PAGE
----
Names of the men of the Forty-second Indiana who were sent out on a scout from Graysville by General Palmer: Sergt. W. H. McCleary, Company F; Private Jacob Erb, Company B; Private Burton S. Dimmitt, Company B, and Private James Bolin, Company H (killed).
Report of Lieutenant Colonel Douglas Hapeman, One hundred and fourth Illinois Infantry.
HEADQUARTERS 104TH ILLINOIS INFANTRY,
Chattanooga, Tennessee, November 30, 1863.
SIR: I have the honor to submit the following report of the operations of the One hundred and fourth Illinois Infantry, First Brigade, First Division, Fourteenth Army Corps, since the morning of the 24th instant:
The regiment was formed on the left of the brigade, in front of Fort Negley, in the morning and remained there till 1 p.m., when they were marched in the direction of Lookout Mountain, where heavy skirmishing had been going on for over an hour. They crossed Chattanooga Creek at the burnt railroad bridge just at dark, and marched directly up the mountain, following the Eighty-eighth Indiana. The Eighty-eighth Indiana halted when about half way to the white house on the mountain, and I discovered that they were detached from the rest of the brigade, and we were on the skirmish line of the Thirty-first Missouri, of General Osterhaus' division. After marching on the mountain some time, I reached the white house, and was ordered to form six companies around the stone fence west of the house, sending two companies to occupy the stables in front and two companies to the east of the house. The regiment remained in this position during the night, and were not engaged with the enemy.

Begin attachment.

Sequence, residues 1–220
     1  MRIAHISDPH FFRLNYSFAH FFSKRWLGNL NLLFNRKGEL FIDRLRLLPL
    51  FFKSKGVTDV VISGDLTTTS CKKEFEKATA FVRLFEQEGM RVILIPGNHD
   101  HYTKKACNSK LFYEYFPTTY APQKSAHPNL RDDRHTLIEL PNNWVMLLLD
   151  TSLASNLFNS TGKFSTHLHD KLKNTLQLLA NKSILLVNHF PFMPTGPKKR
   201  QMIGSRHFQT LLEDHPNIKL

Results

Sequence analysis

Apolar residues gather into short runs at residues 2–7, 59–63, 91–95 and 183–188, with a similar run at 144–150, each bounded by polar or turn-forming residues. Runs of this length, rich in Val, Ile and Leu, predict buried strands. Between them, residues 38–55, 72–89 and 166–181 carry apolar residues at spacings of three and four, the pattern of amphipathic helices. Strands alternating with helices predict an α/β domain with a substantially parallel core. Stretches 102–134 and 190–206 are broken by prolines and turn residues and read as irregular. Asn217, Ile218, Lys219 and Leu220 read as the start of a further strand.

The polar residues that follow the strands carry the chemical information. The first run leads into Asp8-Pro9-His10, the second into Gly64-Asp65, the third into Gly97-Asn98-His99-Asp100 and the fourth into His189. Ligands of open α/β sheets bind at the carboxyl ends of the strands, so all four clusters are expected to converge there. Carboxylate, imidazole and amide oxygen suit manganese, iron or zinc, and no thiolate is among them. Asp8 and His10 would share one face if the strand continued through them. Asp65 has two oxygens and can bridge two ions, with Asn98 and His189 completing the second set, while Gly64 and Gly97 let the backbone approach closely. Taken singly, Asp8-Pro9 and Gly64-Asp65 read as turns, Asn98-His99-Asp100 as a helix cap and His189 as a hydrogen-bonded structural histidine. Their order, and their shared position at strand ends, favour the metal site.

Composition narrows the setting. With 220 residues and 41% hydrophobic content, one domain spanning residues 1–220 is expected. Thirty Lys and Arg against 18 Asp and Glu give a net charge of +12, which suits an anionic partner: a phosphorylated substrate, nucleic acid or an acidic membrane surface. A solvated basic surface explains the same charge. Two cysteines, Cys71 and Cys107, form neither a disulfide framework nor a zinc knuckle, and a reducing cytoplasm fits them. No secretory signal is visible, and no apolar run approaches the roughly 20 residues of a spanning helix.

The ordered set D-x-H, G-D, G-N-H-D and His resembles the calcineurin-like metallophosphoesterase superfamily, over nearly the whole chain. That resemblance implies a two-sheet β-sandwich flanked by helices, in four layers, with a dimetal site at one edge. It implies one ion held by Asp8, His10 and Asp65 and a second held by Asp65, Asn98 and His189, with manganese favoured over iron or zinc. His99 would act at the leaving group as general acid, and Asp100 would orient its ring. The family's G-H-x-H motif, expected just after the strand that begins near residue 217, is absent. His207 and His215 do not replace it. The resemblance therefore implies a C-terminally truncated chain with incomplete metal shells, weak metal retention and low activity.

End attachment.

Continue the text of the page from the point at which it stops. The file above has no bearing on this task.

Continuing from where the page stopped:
At 7 o'clock the next morning (25th) the regiment was formed in advance of the line occupied at night,and skirmishers thrown forward, who soon discovered that the enemy had left the mountain. Fourteen deserters were received within our lines, and a number of small-arms, cartridge boxes, tents, &c., were captured.
At 9 o'clock we marched down the mountain on the Summertown road, recrossed Chattanooga Creek, marched to the Rossville road, and formed about 400 yards to the left of the road, near the works that had been abandoned by the enemy. The regiment was formed on the left of the first line of the brigade.
At about 3 o'clock the line moved forward, the Eighty-eighth Indiana on our right, and the Fifteenth Infantry on the left, to assault the enemy's works on Missionary Ridge. Just before the regiment reached the ditch near the huts formerly occupied by the rebels, they opened on us with artillery and musketry. Five men were struck at the first volley, but the line moved forward till they reached the first line of works, opposite the rifle-pits occupied by the enemy's sharpshooters, when they halted to rest. When they moved forward again, the rebels retreated from the lower works, and they moved up as rapidly as possible, and occupied these works.
They remained here till the men were rested. When the men were